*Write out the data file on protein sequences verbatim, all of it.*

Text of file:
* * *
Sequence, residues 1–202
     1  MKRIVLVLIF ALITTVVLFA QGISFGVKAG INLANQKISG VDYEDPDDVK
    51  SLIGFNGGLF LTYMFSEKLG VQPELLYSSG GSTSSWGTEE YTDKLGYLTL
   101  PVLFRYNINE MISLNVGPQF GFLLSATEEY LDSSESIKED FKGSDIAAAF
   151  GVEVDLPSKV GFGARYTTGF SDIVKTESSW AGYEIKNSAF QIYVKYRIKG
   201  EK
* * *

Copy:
Sequence, residues 1–202
     1  MKRIVLVLIF ALITTVVLFA QGISFGVKAG INLANQKISG VDYEDPDDVK
    51  SLIGFNGGLF LTYMFSEKLG VQPELLYSSG GSTSSWGTEE YTDKLGYLTL
   101  PVLFRYNINE MISLNVGPQF GFLLSATEEY LDSSESIKED FKGSDIAAAF
   151  GVEVDLPSKV GFGARYTTGF SDIVKTESSW AGYEIKNSAF QIYVKYRIKG
   201  EK